Kudsi Ergüner is a contemporary master of classical Ottoman Sufi music. From an early age, his father taught him to play the ney, the reed flute which is ever present in Turkish Sufi music. It was the time when the young Turkish secular republic wanted to break with its religious past, deemed the old traditional Sufi rituals forbidden and disbanded the Mevlevi order. However, because Kudsi belonged to the Ergüner family, he had the good fortune to be surrounded by the last people who held the key to this Sufi tradition. Away from the supervision of the state, they secretly held their rituals in small places in Istanbul.
These days, Sufism and Mevlana Rumi are all around in Turkey, from little dolls in tourist shops to big discussions on talk shows. I guess that’s quite different compared to the time when you grew up in Istanbul.
Looking back, it was a very interesting period because we formed a bridge between the old traditions and the present day, when different religious organisations are once again allowed. But nowadays, Sufism is much exploited politically – not only in Turkey but worldwide. In the supposed conflict between the secular West and the Muslim world, Sufism is presented as the ‘modern’, ‘light’ or ‘open’ version of Islam. Yet, Sufism is pure Islam just like any other form of Islam. So, you can’t try to solve the problem between the West and Islam – which I actually think is more a problem of modernity, capitalism and geo-politics than of religion – by acting as if Sufism is less ‘strictly’ religious. There is no Sufism without Islam and there is no Islam without Sufism. Today, however, people want to create a new sort of Sufism, which relates more to commercialized spirituality and New Age.
Real Sufism is a sort of ‘self-education’. The human being is in between being an animal and a human being, and in Sufism, it is believed that the real reason for our creation is ‘to become human’. The context of the Sufi tariqas is, therefore, to help people find this necessary education and elevation. Yet, many people who supposedly talk of Sufism don’t refer to this inner work. They only say, ‘oh, we love each other’, ‘oh, we are so tolerant’, and so on. But for me, this is a ‘Catholic’ version of Islam. Of course ‘love’ is the main topic of tasawwuf. But the love that the Sufiya of old generations were talking about is not the same love that those people speak of. The love of the Sufiya is a love for God that brings us beyond the ego.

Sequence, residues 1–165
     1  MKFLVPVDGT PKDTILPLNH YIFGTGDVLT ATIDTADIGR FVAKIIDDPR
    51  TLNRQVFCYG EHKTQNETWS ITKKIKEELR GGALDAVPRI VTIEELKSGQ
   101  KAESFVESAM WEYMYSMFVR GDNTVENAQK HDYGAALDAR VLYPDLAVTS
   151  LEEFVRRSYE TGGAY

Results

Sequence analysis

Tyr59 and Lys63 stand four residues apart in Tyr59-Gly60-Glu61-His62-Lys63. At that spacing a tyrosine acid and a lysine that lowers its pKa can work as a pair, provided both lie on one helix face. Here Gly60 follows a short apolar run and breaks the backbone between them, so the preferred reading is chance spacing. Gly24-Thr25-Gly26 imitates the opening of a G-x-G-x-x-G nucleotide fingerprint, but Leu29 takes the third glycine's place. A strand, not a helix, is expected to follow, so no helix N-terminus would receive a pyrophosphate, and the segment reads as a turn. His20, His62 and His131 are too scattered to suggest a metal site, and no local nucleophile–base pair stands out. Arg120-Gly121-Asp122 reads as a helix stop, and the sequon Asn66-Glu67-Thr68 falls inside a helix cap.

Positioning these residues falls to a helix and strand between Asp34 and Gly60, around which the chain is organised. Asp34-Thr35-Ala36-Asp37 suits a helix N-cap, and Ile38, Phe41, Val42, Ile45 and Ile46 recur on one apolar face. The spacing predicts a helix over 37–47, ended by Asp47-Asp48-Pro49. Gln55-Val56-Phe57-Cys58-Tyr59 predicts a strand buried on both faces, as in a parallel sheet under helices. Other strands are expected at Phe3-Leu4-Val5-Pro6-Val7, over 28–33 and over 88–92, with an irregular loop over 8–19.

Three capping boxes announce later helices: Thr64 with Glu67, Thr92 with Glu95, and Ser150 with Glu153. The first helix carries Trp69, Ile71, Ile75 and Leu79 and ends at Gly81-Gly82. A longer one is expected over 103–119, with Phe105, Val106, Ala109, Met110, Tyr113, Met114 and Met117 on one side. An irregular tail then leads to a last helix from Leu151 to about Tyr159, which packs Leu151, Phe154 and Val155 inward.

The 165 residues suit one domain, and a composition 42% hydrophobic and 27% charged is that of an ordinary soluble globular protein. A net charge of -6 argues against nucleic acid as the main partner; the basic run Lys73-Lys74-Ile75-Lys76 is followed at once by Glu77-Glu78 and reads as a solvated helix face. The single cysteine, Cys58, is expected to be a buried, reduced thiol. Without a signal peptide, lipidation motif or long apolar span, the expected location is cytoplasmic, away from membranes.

Is your music a way for you ‘to become human’? Do you see it as a tool to ‘transcend’ your ‘animal self’?
We can’t give a reason for everything we do. Of course, some people explain their acts with big words, but I’m not like that. I’m a musician and I love music. That’s it.
I am, of course, convinced that the early Sufis were deeply affected by the music they made. It was not just some frivolous enjoyment but a deep experience. Today, it is very rare for people to have such a deep feeling and deep understanding of the music, but the repertoire is there and it’s a beautiful repertoire. So why wouldn’t we play it, without any pretention?
As a musician you also seem to have a great interest in mixing your music with the music of other cultures, like the way you fused it with jazz or French renaissance music. Isn’t it sometimes very difficult to fuse different sets of musical systems?
If you remain sincere with yourself, if you have something to say through your music, and if you don’t mindlessly imitate others, then there doesn’t have to be any problem at all. Yet, I think this is a philosophical problem that does not only apply to music and which is of particular importance today. Can one person live in the UK, Belgium or France, but still remain Turkish? In Europe, more and more, people want you to assimilate. So we have to ask ourselves: What makes me myself? What do I need to retain to remain myself? That means you have to eliminate certain unnecessary things that aren’t very important and keep other more essential things. It’s the same in music. For example, we can’t leave our intervals. Each maqam, that is to say, each melodic phrase has specific intervals, but if I give them up to go easier with the European intervals, I lose myself. In none of my albums, therefore, do I abandon those intervals.
When I left Turkey in the seventies it was a bit like the Soviet bloc. The country was very closed up and constantly trying to protect itself from other countries. But after the eighties, it wasn’t possible anymore, neither economically nor culturally. So, what happens is that the dominant culture of the world, which, right now, is the Western commercial culture, invades countries like Turkey. That is why I believe artists have a duty to underline the differences, to insist on particularity and, in so doing, protect our identities from this invasion of commercial ‘mass culture’. I take that duty upon myself as well, because I want to say to people that, if we want a new global culture, we need to respect others and ourselves.
That brings us back to the contemporary interest in Sufism, for can’t the teachings of the Sufiya be of much help in this matter? Don’t they contain a lot of elements that oppose such a consumption culture?